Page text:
I love eating food, I love cooking food, I love reading about food and I love looking at food. But can I be the only person who thinks there are far too many photos of chia pudding on Instagram? There – I’ve said it. That statement may make me wildly unpopular but frankly I’m becoming bored of the endless stream of ‘photogenic food’. Yes, food should look appetising, and yes, I applaud those who can take fantastic photographs (a skill I would love to learn one day as my camera is a total mystery to me!) But I don’t think how food looks should be anywhere near as important as how it tastes! I must declare a strong dislike for chia seeds and so they have taken the brunt of my rant – but really I am using chia pudding as an example for a whole range of ‘pretty but tasteless’ food.
This seems to form part of a growing trend for ‘clean’ food and in some ways I think this is excellent – knowing what we are putting in our bodies is hugely important to me and I am very passionate about the provenance of my ingredients. However, replacing all known foods with ‘clean’ alternatives I find concerning, especially when children’s diets are involved. We have no allergies or intolerances in our family so we eat a balance of all food groups including whole grains, dairy and meat. When I replace an ingredient it isn’t to make my food ‘clean’ as if it was somehow ‘dirty’ before – its merely to try something new and provide my family with nutritious and varied meals.
This tart is made with a sweet potato crust instead of pastry. This does make it lower in fat and calories, as well as increasing the vegetable content of the meal, but more than this, its delicious! The sweetness of sweet potatoes works beautifully with the salmon and spinach in this tart and is a lovely alternative to pastry. I have tried sweet potato bases with various quiche and tart recipes but this has been my favourite so far. It is such a summery meal, perfect on warm evenings with a large salad. It also makes a brilliant baby-led weaning meal as it contains oily fish, green vegetables and dairy; in my experience often the hardest foods to get babies to eat! It can be eaten hot or cold, so it also works well for packed lunches.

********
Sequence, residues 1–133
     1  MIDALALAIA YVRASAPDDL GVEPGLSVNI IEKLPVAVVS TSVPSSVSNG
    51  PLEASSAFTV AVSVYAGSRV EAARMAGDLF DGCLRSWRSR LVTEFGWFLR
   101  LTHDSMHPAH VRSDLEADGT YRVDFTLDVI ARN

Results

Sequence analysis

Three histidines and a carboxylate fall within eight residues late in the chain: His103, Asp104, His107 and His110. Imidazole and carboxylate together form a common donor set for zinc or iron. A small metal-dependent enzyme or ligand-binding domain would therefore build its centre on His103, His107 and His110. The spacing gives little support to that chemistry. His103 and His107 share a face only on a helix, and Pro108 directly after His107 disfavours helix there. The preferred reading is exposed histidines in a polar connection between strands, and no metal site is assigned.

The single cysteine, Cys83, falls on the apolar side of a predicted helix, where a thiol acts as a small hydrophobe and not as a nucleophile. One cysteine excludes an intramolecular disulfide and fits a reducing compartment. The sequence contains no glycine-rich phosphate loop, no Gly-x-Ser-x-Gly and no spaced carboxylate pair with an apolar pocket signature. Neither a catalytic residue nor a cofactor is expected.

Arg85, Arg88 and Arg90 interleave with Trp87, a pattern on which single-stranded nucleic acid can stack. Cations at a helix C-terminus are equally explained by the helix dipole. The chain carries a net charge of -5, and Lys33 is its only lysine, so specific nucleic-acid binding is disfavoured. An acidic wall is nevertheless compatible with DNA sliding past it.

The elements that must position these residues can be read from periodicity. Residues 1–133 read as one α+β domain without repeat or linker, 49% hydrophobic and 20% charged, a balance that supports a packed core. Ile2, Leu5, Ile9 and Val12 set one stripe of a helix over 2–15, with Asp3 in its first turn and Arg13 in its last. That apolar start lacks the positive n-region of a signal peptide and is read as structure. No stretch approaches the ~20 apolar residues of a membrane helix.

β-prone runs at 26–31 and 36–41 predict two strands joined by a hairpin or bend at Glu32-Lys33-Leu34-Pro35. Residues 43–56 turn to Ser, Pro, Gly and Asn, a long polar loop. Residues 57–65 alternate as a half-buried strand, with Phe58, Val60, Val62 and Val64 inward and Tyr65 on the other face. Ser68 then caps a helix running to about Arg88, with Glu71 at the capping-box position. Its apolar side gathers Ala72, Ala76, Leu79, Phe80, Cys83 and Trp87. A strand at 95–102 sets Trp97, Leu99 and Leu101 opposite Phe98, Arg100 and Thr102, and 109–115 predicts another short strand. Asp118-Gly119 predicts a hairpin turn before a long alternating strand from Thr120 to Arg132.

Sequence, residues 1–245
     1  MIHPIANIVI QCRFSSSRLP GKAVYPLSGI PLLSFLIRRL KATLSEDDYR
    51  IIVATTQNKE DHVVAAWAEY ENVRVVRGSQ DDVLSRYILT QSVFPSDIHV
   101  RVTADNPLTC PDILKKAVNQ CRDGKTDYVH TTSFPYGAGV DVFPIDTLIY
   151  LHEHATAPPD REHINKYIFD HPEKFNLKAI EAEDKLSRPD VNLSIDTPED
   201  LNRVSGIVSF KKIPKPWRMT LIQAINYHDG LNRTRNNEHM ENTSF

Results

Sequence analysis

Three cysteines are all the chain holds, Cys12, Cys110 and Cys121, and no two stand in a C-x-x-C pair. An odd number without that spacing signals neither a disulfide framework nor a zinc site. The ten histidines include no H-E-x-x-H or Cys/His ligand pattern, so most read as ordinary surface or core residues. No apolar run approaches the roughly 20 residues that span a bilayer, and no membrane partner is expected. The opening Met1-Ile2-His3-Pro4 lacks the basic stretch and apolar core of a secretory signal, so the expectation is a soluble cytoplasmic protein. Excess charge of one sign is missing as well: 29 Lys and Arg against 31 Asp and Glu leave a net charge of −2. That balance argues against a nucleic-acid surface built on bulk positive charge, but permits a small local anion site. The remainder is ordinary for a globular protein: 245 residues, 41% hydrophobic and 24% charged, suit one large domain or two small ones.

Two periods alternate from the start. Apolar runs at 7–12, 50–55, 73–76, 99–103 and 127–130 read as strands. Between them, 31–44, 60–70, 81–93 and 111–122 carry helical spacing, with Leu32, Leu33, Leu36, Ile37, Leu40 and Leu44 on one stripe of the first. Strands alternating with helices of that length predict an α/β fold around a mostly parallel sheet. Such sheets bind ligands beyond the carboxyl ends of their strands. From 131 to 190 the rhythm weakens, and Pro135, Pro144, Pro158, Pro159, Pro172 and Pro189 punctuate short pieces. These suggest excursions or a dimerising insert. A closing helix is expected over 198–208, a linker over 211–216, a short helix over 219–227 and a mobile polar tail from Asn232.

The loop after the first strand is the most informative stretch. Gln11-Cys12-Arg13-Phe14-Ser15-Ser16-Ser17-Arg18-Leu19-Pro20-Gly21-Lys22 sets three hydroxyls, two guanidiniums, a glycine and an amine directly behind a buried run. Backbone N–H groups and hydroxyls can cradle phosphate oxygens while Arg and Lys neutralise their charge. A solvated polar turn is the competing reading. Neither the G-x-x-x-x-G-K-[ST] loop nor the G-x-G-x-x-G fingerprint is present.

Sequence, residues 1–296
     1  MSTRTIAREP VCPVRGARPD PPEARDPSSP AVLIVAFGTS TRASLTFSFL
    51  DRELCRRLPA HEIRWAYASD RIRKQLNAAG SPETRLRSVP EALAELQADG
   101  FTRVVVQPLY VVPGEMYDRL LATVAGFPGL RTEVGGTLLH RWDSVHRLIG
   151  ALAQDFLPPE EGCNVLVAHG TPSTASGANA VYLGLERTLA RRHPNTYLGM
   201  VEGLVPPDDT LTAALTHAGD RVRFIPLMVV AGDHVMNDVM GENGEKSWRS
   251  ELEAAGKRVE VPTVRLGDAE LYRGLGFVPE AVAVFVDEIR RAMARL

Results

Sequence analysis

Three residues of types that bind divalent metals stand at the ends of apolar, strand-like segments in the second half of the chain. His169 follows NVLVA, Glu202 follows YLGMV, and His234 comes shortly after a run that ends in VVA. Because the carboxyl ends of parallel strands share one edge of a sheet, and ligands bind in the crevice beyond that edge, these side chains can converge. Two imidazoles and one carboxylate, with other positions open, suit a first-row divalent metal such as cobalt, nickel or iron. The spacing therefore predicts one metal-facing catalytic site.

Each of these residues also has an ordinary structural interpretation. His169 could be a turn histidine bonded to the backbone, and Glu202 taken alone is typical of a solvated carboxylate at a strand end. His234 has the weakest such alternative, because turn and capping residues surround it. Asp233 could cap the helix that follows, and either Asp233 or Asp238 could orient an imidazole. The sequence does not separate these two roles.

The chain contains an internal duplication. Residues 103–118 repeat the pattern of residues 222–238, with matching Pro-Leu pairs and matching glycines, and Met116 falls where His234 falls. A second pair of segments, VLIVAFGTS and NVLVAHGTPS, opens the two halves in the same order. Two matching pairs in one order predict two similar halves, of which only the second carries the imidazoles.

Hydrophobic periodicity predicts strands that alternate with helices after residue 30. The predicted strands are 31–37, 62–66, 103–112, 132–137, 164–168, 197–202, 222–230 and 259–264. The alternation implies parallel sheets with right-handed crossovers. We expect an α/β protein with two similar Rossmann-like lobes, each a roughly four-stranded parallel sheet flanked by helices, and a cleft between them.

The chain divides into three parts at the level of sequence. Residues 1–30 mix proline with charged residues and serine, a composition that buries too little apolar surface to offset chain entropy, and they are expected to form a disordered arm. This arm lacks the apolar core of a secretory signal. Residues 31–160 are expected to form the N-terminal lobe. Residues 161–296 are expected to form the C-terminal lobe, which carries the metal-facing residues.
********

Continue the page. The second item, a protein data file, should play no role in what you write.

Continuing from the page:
The recipe method looks a little long but if you are short on time I recommend making the tart case in advance. I normally make this in the morning, blind bake it and then keep it in the fridge until I need it later that day.
This makes enough to serve 4 adults as part of a main meal.
- 3 medium sweet potatoes
- 2 fillets of salmon
- 1 bag of raw spinach (enough to make 3 cooked handfuls)
- 2 eggs
- 100ml creme fraiche
- Tsp dijon mustard
- Zest of half a lemon
Sweet potato tart case:
- Peel and grate the sweet potatoes using a coarse grater
- Highly grease your tart case and pour the grated potato in
- Using your hands or a spoon push the grated potato into the tart case, covering the base and sides. This can be a little fiddly, I find the best way is to use my hands and knuckles!
- Blind bake this a preheated oven at 180C for about 15 minutes until the edges are starting brown.
- Crack one of the eggs and put the yolk to the side. Using the egg white, brush the tart case to create and pop it back in the oven for 5 minutes. This creates a waterproof layer ensuring your salmon filling will not leak through. You cannot see or taste the egg white.
For the filling:
- Place the salmon fillets in a microwaveable dish with a little water and cook them for about 3 minutes, until they are cooked through.
- Flake the salmon into large chunks and put to one side
- Cook your spinach, drain it and squeeze out any excess moisture and chop up.
- Add the salmon, spinach, creme fraiche and mustard to a bowl and stir.